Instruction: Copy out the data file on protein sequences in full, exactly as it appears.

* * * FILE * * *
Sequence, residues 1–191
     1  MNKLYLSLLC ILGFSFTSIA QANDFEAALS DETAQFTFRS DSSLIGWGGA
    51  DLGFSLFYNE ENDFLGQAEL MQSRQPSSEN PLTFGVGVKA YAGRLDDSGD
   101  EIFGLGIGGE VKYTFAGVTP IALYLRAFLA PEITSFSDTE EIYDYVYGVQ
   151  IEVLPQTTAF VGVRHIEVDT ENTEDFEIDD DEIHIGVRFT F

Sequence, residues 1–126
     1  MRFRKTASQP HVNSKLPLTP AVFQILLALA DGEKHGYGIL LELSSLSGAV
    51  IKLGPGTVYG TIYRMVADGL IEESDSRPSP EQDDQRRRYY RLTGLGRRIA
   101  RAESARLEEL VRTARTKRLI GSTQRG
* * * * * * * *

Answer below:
Sequence, residues 1–191
     1  MNKLYLSLLC ILGFSFTSIA QANDFEAALS DETAQFTFRS DSSLIGWGGA
    51  DLGFSLFYNE ENDFLGQAEL MQSRQPSSEN PLTFGVGVKA YAGRLDDSGD
   101  EIFGLGIGGE VKYTFAGVTP IALYLRAFLA PEITSFSDTE EIYDYVYGVQ
   151  IEVLPQTTAF VGVRHIEVDT ENTEDFEIDD DEIHIGVRFT F

Sequence, residues 1–126
     1  MRFRKTASQP HVNSKLPLTP AVFQILLALA DGEKHGYGIL LELSSLSGAV
    51  IKLGPGTVYG TIYRMVADGL IEESDSRPSP EQDDQRRRYY RLTGLGRRIA
   101  RAESARLEEL VRTARTKRLI GSTQRG